One of the things that strikes new CEOs is how bloody many decisions there are to make to run a startup and a fledgling business to say nothing of one that survives the trip from the cradle to the marketplace.
I have read that a CEO makes more decisions in a day than CEOs did in prior times in a month — prior times being defined as pre-personal computer and Internet.
I was in business before the PC and the Internet and I totally agree with that assessment. No big surprise there, right?
Of all the skills that are attributed to CEOs being a “good decision-maker” is usually overlooked. Are you a good decision-maker?
I have always favored an orderly decision-making process and studied how General Eisenhower ran his decision-making during World War II.
It is worth your time to review this. Also, you can search for other blog posts on this website — type “decision” into the search bar. There are several blog posts.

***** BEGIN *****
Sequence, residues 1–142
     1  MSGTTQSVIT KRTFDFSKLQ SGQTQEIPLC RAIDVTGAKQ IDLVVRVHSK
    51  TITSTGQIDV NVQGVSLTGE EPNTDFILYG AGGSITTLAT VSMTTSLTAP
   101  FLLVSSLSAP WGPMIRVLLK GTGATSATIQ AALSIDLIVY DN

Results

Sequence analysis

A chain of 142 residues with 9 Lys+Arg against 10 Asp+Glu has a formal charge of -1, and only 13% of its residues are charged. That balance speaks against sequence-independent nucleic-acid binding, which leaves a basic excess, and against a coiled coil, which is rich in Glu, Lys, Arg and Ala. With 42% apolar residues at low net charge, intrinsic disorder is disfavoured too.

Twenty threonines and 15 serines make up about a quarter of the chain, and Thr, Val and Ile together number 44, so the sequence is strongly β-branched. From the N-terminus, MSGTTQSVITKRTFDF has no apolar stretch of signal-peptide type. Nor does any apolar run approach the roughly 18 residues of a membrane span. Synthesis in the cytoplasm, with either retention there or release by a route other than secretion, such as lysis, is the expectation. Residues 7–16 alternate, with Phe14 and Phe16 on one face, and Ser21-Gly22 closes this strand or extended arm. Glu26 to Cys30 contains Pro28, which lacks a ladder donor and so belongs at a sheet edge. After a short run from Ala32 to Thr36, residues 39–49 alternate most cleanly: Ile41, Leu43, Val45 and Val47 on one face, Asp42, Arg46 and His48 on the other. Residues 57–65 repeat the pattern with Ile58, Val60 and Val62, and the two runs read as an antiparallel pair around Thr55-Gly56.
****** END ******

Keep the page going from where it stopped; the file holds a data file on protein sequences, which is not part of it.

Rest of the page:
This entire situation in Afghanistan seems to be a futile exercise in incomplete staff work and horrendously poor decision-making. I am not complaining of the ultimate decision — the decision to withdraw which I support wholeheartedly — but the implementation decisions.
It seems so obvious to me that we should have held onto Bagram Airbase, gotten all American citizens out of the country, gotten all SIVs and other workers who were at risk out of the country long before we began to evacuate embassy staff, and, only then, the last US troops.
Right now we have a confrontation between a POTUS who says he will extend the 31 August deadline and the Taliban who say “There will be consequences.”
There is a difference between the portent of decisions and the mechanics of decision-making and a CEO has to be good or become good at the process of framing and making decisions. It is an essential skill.
Have a great day, y’all.
But, hey what the Hell do I really know anyway? I’m just a Big Red Car.